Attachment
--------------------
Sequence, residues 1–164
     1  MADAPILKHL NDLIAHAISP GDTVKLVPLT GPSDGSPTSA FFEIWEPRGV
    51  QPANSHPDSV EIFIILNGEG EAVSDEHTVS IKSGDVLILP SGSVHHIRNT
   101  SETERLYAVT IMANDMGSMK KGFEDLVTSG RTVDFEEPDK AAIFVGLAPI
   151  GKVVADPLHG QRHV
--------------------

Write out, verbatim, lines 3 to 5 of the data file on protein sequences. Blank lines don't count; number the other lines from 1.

    51  QPANSHPDSV EIFIILNGEG EAVSDEHTVS IKSGDVLILP SGSVHHIRNT
   101  SETERLYAVT IMANDMGSMK KGFEDLVTSG RTVDFEEPDK AAIFVGLAPI
   151  GKVVADPLHG QRHV